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J Am Soc Nephrol. 2000 Jan;11(1):97-104.

Lack of renoprotective effects of dopamine and furosemide during cardiac surgery.

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Department of Cardiothoracic and Vascular Anesthesia and Intensive Care, University Clinic of Vienna, Austria.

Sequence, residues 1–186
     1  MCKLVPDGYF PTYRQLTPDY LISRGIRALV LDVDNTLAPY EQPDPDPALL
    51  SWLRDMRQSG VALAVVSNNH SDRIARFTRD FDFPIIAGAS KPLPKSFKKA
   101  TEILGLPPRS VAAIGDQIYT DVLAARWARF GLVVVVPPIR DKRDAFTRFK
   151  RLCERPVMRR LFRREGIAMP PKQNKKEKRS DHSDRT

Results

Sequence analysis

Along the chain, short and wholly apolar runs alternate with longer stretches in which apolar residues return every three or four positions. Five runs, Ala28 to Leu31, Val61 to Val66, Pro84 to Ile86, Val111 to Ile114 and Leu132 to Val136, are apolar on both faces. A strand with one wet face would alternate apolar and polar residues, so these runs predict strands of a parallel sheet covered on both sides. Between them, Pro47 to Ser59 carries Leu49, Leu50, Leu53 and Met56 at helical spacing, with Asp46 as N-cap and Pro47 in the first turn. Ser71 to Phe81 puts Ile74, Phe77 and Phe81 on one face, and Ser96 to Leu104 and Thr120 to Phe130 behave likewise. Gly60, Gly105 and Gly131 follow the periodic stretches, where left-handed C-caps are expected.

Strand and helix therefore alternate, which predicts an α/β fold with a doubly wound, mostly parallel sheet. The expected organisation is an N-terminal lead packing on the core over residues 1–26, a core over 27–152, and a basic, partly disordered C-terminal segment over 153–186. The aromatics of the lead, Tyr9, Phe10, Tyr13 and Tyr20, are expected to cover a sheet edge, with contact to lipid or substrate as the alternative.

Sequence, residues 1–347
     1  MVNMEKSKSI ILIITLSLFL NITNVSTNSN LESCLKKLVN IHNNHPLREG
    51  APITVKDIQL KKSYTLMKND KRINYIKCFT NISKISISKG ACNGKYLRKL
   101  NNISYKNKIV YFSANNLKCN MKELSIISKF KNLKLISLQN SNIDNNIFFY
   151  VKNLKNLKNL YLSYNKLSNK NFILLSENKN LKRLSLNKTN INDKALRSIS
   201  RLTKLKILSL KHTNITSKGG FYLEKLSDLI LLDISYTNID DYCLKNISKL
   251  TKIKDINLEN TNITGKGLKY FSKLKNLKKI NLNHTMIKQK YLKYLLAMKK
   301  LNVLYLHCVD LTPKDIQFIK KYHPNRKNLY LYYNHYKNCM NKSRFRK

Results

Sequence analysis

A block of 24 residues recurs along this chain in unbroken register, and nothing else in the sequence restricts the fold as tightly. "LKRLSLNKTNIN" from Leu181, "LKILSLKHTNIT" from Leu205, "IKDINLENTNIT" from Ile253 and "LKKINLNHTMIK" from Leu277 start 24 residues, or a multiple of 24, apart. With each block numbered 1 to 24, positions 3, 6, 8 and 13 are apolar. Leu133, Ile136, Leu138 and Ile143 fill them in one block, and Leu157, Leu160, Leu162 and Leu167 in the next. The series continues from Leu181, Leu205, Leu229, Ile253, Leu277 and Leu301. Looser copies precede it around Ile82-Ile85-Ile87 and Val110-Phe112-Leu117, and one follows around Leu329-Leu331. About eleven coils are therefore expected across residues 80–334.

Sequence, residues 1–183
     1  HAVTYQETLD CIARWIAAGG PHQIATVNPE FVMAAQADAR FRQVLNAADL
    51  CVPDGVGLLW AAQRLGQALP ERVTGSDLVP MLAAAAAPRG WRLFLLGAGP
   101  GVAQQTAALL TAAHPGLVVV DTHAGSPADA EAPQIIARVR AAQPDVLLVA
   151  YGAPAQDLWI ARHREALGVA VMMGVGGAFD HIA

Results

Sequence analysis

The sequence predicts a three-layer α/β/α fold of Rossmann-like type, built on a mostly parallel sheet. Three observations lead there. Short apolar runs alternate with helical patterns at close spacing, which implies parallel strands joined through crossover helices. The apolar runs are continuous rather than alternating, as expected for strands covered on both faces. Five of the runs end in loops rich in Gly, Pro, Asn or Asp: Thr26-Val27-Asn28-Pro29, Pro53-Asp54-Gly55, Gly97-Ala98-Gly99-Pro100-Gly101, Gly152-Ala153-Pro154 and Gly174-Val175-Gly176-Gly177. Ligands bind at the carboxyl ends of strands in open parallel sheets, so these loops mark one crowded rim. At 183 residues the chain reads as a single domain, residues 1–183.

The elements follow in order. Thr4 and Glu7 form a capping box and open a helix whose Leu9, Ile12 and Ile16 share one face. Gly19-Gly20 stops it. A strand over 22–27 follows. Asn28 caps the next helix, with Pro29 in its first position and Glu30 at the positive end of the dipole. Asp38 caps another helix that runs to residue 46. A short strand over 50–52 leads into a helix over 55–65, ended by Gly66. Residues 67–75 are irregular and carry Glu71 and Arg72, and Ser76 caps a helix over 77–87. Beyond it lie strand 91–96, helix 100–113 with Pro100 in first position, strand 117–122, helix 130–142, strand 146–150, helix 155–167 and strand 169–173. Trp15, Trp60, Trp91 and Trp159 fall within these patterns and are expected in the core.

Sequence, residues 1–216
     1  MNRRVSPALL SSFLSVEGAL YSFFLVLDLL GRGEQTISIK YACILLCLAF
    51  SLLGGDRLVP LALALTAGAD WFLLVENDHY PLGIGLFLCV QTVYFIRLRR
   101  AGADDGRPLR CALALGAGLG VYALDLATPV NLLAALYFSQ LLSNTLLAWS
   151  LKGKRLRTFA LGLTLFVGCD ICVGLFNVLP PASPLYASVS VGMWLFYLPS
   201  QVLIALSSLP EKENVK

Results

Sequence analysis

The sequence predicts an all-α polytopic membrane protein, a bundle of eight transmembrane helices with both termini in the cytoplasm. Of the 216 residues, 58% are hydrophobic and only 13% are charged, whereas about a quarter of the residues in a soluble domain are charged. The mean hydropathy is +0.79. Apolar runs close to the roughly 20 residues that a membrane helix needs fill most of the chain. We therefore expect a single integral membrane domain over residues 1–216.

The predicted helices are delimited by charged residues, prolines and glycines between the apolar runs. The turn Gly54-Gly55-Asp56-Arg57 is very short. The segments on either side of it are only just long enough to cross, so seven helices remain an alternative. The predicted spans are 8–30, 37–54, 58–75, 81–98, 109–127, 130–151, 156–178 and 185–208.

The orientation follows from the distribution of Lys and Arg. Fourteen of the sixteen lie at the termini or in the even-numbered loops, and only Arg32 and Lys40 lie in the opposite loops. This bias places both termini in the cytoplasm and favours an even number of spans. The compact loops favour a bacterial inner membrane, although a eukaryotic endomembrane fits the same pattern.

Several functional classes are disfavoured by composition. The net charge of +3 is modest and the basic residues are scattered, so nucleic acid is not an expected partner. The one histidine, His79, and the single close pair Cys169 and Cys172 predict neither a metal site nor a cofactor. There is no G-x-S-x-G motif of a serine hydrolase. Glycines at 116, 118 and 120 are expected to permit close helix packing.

Because development of acute renal failure is one of the most potent predictors of outcome in cardiac surgery patients, the prevention of renal dysfunction is of utmost importance in perioperative care. In a double-blind randomized controlled trial, the effectiveness of dopamine or furosemide in prevention of renal impairment after cardiac surgery was evaluated. A total of 126 patients with preoperatively normal renal function undergoing elective cardiac surgery received a continuous infusion of either "renal-dose" dopamine (2 microg/kg per min) (group D), furosemide (0.5 microg/kg per min) (group F), or isotonic sodium chloride as placebo (group P), starting at the beginning of surgery and continuing for 48 h or until discharge from the intensive care unit, whichever came first. Renal function parameters and the maximal increase of serum creatinine above baseline value within 48 h (deltaCrea(max)) were determined. The increase in plasma creatinine was twice as high in group F as in groups D and P (P < 0.01). Acute renal injury (defined as deltaCreamax) >0.5 mg/dl) occurred more frequently in group F (six of 41 patients) than in group D (one of 42) and group P (zero of 40) (P < 0.01). (The difference between group D and group P was not significant.) Creatinine clearance was lower in group F (P < 0.05). Two patients in group F required renal replacement therapy. The mean volume of infused fluids, blood urea nitrogen, serum sodium, serum potassium, and osmolar- and free-water clearance was similar in all groups. It was shown that continuous infusion of dopamine for renal protection was ineffective and was not superior to placebo in preventing postoperative dysfunction after cardiac surgery. In contrast, continuous infusion of furosemide was associated with the highest rate of renal impairment. Thus, renaldose dopamine is ineffective and furosemide is even detrimental in the protection of renal dysfunction after cardiac surgery.

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